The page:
JC: I got involved with this percussion music and this led to -- oh, the way we got on to percussion music was moving away from the apartment. Xenia was interested in crafts and in book-binding, and she did later those valises for Marcel [Duchamp] [painter, 1887-1968]. But she was always a marvelous craftsman. We went to live in a large house in Santa Monica run by Hazel Dreis [1891-1964], a very fine book binder. I mean a real book-binder, not a case maker, but a real binding. And we both bound books. Xenia did most of it. I enjoyed designing the covers and so forth. I also wrote music there. Then, in the evening all the book binders became musicians and played in my orchestra. So because it was percussion music, I think it brought the interest of modern dancers. I wrote a few pieces for this dance group at UCLA, which was nearby, and also for the athletic department that had underwater swimmers who swam underwater ballet. That was how I discovered dipping a gong in a tub of water and making a sound that way. Because I found that the swimmers couldn't hear the music when it was above water, but could if it was both in and out. So this connection with the dancers led me to the possibility of getting employment working with dancers. I went one day to San Francisco and got actually four jobs in one day and of the four I chose to work with Bonnie Bird [dancer, 1914-1995], who was in the Martha Graham [choreographer, 1894-1991] Dance Company, and who was teaching at The Cornish School in Seattle. The Cornish School was an extraordinary school because of Nelly Cornish's [1876-1956] insistence that each person not specialize, but study all of the things that were offered.
PC: Oh really?
JC: And they also had a radio studio and a theatre and they had an art gallery. Since I knew Galka Scheyers I began organizing and saw very soon that people there didn’t know the work of [Paul] Klee [painter, 1979-1940], or [Wassily] Kandinsky [painter, 1866-1944], or [Lyonel] Feininger [painter, 1871-1956], or [inaudible] and I put on four shows of those painters' work there.
PC: Oh, I see.
JC: And that aroused the interest of Morris Graves [painter, 1910-2001] and Mark Tobey [painter, 1890-1976] who were living there. I met both of them and they also were interested in my music and I naturally became interested in their painting. It was a walk with Mark Tobey from The Cornish School down to Skid Row where there was a nice Japanese restaurant -- he would stop us as we walked, Xenia and me, and point out things to see. It was that walk that opened my eyes, I think, more than anything. My love of Mondrian continued, but my eyes were opened, even to Mondrian, by Tobey, I think. To explain that last statement I'd say this: there was a show at the Matisse Gallery, not where it is now but where it used to be, with black paintings, that were largely black and white -- that was the thread going through the whole show -- and the painters were many different ones. There was a Mondrian in that show, even though it had some other colors than black and white. I happened to go to that show in the late afternoon. I noticed that the sun was setting, that the whites were not white and that the purism of the art was not pure because all of the surfaces were filled with cracks. Now I would have not noticed that if I had not been open up by Tobey.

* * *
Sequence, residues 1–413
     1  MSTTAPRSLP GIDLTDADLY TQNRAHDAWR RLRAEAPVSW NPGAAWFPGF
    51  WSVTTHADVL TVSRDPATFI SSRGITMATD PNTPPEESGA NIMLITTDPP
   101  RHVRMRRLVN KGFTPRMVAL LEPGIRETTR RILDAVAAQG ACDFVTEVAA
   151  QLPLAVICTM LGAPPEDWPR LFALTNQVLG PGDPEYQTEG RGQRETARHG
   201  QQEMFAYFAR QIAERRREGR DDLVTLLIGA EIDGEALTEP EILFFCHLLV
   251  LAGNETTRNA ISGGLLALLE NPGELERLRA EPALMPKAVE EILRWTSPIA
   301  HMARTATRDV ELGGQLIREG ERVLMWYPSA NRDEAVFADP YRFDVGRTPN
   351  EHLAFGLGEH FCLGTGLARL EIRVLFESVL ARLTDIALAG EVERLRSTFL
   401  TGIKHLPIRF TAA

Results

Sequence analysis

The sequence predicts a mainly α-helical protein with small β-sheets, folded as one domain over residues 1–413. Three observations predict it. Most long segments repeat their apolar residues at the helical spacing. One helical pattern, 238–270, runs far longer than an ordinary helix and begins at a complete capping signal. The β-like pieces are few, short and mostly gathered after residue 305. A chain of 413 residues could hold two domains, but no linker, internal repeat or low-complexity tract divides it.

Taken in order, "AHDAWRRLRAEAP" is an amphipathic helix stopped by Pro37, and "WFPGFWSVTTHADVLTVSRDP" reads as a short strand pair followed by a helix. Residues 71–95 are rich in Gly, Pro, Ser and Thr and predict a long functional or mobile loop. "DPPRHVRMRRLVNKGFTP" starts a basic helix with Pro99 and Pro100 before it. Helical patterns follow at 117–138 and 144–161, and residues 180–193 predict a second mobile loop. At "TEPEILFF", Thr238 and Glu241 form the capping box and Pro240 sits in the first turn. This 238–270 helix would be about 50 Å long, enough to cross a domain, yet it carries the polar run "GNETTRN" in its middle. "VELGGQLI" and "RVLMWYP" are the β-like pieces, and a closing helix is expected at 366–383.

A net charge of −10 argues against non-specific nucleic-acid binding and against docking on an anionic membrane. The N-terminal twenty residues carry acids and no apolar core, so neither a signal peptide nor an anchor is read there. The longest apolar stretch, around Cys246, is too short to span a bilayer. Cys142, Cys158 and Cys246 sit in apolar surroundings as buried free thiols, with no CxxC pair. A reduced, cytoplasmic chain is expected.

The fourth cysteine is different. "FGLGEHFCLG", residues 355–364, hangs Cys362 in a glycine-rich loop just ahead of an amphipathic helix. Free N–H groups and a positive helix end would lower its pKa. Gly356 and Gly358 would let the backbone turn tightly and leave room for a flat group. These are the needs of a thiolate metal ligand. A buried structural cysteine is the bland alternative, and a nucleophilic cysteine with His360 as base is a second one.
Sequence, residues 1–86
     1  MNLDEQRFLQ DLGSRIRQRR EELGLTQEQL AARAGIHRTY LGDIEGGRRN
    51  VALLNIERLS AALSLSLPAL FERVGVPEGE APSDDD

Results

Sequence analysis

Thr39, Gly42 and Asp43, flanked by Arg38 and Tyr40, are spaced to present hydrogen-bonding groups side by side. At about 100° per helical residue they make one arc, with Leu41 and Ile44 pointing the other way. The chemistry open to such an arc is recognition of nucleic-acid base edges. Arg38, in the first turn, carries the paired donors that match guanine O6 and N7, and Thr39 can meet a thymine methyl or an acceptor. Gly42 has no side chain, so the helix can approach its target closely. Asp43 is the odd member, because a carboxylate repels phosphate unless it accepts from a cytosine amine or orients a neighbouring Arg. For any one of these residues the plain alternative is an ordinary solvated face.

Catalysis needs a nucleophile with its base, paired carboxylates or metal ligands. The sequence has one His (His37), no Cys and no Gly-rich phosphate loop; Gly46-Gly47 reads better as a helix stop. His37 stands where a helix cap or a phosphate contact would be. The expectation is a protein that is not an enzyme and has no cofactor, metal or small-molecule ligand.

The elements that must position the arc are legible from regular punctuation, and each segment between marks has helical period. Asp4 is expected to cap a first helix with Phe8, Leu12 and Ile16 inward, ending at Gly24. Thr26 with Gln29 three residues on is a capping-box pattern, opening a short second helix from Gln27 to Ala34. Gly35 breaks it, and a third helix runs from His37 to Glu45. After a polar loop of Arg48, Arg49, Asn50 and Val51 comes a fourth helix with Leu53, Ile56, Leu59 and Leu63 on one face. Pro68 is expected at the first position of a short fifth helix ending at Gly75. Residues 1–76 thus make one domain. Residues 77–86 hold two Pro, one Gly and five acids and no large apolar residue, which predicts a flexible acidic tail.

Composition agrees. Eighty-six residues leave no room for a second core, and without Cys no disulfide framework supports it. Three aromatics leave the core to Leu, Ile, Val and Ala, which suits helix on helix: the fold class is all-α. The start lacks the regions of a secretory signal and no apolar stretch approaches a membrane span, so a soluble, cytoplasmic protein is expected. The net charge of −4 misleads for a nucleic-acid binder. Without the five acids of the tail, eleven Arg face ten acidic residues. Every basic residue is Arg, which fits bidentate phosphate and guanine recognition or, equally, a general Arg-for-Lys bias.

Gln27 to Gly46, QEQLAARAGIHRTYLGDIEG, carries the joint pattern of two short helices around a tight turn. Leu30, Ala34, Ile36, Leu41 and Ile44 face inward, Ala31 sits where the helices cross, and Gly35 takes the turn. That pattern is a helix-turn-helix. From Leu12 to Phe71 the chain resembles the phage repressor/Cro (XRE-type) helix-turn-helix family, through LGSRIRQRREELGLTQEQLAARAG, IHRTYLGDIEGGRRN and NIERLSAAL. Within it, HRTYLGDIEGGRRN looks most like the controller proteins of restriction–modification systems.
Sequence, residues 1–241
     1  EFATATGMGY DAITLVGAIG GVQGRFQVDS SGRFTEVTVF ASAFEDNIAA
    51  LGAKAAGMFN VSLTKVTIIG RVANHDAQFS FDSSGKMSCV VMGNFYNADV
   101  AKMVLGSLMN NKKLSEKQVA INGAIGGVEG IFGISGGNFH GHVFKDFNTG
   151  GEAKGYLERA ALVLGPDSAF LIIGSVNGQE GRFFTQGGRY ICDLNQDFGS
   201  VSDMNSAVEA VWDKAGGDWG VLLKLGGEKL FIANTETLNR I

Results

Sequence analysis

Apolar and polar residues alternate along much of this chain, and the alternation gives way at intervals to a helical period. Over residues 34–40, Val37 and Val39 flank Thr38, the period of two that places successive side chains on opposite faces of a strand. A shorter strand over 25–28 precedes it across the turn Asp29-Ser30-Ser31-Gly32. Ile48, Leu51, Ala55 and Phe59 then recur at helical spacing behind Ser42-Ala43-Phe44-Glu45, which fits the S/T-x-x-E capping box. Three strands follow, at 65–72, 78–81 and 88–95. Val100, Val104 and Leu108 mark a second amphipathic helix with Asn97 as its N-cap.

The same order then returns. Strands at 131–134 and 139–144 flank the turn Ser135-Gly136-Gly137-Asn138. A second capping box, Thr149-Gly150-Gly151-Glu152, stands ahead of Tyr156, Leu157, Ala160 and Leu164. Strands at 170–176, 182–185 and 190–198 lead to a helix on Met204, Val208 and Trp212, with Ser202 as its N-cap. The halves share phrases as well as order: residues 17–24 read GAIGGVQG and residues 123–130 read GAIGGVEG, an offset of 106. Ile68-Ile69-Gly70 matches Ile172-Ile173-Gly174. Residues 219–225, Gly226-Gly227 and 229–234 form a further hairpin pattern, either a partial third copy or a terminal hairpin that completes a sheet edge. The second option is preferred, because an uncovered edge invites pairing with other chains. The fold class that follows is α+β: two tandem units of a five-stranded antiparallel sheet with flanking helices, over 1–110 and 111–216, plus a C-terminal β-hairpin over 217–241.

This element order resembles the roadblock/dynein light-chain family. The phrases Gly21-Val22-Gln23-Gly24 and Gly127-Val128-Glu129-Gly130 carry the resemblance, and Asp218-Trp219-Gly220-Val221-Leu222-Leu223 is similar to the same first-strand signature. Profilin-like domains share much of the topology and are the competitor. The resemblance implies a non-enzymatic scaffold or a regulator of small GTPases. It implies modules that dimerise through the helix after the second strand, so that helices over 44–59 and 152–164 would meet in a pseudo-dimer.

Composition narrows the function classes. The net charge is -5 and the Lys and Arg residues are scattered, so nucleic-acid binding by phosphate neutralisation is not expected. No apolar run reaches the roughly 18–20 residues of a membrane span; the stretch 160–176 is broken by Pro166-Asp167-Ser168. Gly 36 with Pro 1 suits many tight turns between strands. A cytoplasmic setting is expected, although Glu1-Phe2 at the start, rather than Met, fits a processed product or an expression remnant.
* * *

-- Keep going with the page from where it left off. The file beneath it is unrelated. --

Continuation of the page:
PC: What kind of things did he say?
JC: I could say similar things now. I could say, look at this, look at that line, etcetera.
PC: The nail-hole.
JC: Look at everything. Don't close your eyes to the world around you. Look and become curious and interested in what there is to see. That's what enabled me to see that the white paintings of [Robert] Rauschenberg [1925-2008], later on, were not empty spaces.
PC: What did you see them as, the Rauschenbergs? As surfaces or textures?